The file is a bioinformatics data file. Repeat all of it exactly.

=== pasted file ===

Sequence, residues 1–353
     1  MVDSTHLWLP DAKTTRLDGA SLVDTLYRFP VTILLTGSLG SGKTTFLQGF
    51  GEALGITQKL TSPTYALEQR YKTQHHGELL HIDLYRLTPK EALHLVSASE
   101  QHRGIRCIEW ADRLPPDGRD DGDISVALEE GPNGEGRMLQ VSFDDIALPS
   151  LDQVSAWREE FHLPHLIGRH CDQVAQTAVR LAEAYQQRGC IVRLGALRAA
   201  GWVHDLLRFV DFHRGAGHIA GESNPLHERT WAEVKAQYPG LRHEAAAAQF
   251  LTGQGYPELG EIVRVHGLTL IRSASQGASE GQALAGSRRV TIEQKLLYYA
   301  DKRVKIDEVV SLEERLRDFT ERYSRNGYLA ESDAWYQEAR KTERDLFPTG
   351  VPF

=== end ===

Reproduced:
Sequence, residues 1–353
     1  MVDSTHLWLP DAKTTRLDGA SLVDTLYRFP VTILLTGSLG SGKTTFLQGF
    51  GEALGITQKL TSPTYALEQR YKTQHHGELL HIDLYRLTPK EALHLVSASE
   101  QHRGIRCIEW ADRLPPDGRD DGDISVALEE GPNGEGRMLQ VSFDDIALPS
   151  LDQVSAWREE FHLPHLIGRH CDQVAQTAVR LAEAYQQRGC IVRLGALRAA
   201  GWVHDLLRFV DFHRGAGHIA GESNPLHERT WAEVKAQYPG LRHEAAAAQF
   251  LTGQGYPELG EIVRVHGLTL IRSASQGASE GQALAGSRRV TIEQKLLYYA
   301  DKRVKIDEVV SLEERLRDFT ERYSRNGYLA ESDAWYQEAR KTERDLFPTG
   351  VPF